Sunday, 23 July 2017

Epilogue - Grand Destiny

Springtime brings the rain in desert country, and in the last few weeks, the Sands have seen rain like they've never seen before.  I know this, 'cause I was one of the few people that were outside when they began.

Gregor said that much of the water on the surface had condensed at the time of the perihelion, but now as the sun slips back into frozen space, things have cooled.  Everything that goes up must come down, and water is no exception.

We were worried at first because all that rain had to go somewhere, and if too much leaked down into the caves, it could have drowned everyone like rats.  But the old tunnels did their job, draining away the flow, and the reservoir below filled to the point of overflowing.  There was, after all, water enough for everyone.

Most people were itching to get back to the surface, but Gregor stayed in the caves and built hisself a workshop.  To survive for the weeks we'd been stuck below the ground, some people had taken to eating lichen off the rocks.  In no time at all, Gregor was creating recipes and testing it for nutritional content.  He's shown little interest in returning home, and often warns Phoenix and me all about the dangers of lingering solar radiation, but we figure that people gotta live before they die, and that's that.

Di Vio's people had bought animals, fertilizer and seeds so that they were ready for when civilization regrowth could begin. Outside, the torrential rains had created new water courses, new delta lands.  Building materials were hard to come by, but people were ready to return to Hole Town to scavenge what they could.  We woke up to a whole new world.

Heat had caused fire, and most everything in the town itself had burned.  But one thing at least had survived – the skeleton of the Burning Man, scarred blacker than night, that giant, twisted face visible in the distance as we emerged from our burrows.  Phoenix wanted to pull the Burning Man down and turn him back into a cross, but I told him there were other, more important things to do first.  He, and many of the others, want to go straight back and rebuild the town.  I'm sure that somewhere out there, by dint of circumstance or of good fortune, there'll be other people who've survived the perihelion.  I mean to find them.

But first.  We still have the hovertrikes that Di Vio's men had been using beneath the mountains, and a couple of them still have enough of a charge to get us north to the Oasis and back.  Mama Smokes, Mar and Rat take one, and Phoenix and me take the other.  I lock my arms around his waist for the duration of the journey, just as he does to me in his sleep at night.

When we arrive, the trikes pull up to the high wall that I'd seen protruding from the dunes when I returned here before.  A large amount of sand has built up on one side, forming a slope.  An empty arch leads through to the pathway beyond.  The stones of the arch are blackened, as if by flames.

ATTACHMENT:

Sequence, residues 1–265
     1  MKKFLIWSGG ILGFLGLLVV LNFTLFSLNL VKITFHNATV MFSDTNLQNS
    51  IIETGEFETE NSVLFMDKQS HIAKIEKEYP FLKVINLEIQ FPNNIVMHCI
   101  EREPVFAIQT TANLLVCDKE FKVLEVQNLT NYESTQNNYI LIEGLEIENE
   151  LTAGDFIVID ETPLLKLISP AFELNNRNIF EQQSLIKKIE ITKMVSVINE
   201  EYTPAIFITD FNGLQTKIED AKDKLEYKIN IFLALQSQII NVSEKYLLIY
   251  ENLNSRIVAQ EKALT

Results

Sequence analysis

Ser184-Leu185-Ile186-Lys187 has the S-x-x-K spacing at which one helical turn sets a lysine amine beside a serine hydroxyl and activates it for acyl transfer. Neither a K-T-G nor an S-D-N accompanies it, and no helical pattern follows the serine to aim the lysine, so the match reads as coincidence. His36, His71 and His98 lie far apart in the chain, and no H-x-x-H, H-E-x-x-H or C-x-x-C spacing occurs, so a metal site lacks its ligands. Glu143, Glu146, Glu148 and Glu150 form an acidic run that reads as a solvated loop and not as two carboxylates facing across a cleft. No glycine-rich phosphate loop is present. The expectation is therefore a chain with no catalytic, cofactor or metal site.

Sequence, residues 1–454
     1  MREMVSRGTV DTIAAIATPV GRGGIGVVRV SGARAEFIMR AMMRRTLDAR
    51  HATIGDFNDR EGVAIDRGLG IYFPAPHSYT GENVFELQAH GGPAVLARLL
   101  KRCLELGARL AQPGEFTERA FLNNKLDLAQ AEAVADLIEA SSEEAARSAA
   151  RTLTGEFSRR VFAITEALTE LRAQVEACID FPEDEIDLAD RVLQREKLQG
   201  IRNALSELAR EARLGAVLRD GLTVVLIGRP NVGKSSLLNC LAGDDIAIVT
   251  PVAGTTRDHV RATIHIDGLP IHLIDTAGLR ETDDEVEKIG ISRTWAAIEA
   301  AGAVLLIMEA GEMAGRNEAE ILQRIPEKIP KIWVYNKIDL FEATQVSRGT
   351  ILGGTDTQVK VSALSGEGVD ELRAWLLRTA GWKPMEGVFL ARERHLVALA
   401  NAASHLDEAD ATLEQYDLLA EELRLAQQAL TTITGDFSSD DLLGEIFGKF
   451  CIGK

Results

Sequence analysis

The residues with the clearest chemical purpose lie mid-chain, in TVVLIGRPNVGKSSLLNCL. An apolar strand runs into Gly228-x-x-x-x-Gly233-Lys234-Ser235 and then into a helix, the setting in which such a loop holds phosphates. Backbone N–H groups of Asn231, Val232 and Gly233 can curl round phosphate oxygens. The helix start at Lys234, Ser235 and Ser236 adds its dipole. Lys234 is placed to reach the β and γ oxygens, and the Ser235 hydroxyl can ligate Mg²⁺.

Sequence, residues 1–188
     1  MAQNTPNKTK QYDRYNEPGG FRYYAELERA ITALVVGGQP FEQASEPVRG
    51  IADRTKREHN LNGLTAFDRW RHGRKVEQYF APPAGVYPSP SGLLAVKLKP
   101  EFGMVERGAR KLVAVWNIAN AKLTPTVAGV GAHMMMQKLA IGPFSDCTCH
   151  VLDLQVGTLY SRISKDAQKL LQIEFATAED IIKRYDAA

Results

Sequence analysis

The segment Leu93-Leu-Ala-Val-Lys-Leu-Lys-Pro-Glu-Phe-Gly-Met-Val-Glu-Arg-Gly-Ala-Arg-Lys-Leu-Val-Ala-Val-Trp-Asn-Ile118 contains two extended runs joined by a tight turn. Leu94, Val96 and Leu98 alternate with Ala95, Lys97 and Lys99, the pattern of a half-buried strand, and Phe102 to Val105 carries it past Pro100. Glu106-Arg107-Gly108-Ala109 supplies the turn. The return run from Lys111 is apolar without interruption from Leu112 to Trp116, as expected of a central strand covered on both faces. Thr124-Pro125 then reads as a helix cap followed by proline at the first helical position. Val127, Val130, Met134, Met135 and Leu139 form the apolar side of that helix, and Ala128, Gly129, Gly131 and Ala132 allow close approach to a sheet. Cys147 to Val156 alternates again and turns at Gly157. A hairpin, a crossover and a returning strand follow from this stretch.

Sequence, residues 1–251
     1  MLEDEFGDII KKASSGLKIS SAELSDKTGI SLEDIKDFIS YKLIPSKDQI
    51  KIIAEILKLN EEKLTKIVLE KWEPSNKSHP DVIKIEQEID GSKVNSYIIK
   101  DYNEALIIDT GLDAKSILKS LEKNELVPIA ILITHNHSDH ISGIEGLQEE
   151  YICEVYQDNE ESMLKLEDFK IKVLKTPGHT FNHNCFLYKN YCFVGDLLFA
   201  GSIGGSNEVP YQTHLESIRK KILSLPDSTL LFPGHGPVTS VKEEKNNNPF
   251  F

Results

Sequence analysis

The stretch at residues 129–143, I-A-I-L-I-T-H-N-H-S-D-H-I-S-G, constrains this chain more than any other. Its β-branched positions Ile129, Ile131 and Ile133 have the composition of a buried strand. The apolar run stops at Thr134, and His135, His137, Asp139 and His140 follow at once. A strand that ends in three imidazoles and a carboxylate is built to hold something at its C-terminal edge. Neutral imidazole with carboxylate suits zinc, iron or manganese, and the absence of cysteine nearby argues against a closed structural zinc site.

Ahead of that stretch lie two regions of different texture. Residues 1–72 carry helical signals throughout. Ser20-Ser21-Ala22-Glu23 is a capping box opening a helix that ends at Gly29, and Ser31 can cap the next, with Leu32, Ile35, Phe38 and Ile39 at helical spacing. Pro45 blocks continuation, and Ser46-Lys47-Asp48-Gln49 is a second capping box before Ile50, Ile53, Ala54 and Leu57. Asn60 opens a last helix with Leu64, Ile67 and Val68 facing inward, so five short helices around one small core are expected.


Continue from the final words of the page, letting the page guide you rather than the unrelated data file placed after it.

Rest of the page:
'There used to be a door there,' Mar says, looking through the gap. 'And a garden.'

I remember the ring of trees that I saw here.  The perihelion has destroyed them all.  When we walk through the arch, it's clear that everything in the garden has been burned away to ankle height and then sodden by the rain.  In the distance, the vegetation around the water has been scorched in the same way.  The water level in the oasis itself is much lower than it was before, darker, more silty.  Only when we get close and Mar moves aside some of the blackened stalks do we see the new, tiny, precious green shoots emerging.

'Life finds a way,' I say.

Shortly after, Mama Smokes walks with us around the other side of the wall where a stone path leads through the sand.  There's a small enclosure out on its own, with half a dozen raised patches of earth, each marked with a cairn of stones.

'This is where we remember her,' Mama Smokes says.

The rightmost one; the most recent.  I touch the top stone, which threatens to crumble under my touch, and then for a moment there's just me and the wind and the world.  When I turn, I half expect everything I know to have fallen away, but there are just the others and their stoic, earnest faces.

Mar and Rat busy themselves collecting stones to build a new cairn for sisters lost, and one lost sister in particular.  When the cairn is complete, they place Cass's knife upon it.

While they're busy, Phoenix and I stay at the spot Mama Smokes pointed out earlier.  The old soldier puts a hand on Phoenix's shoulder.  'Your mama was fierce.  Fierce and courageous, but there was something that was eating her up inside.  She was fast – faster on the draw than anyone I've ever seen, before or since.  But she couldn't outrun the demons in her head.'

A little time passes; the wind brings with it slight hints of something like music, but as the ear strains for them, they're gone just as quickly.  I'm just wandering, letting the details pass me by, until Phoenix slowly removes his mom's pistol from his pocket and places it gently next to her cairn.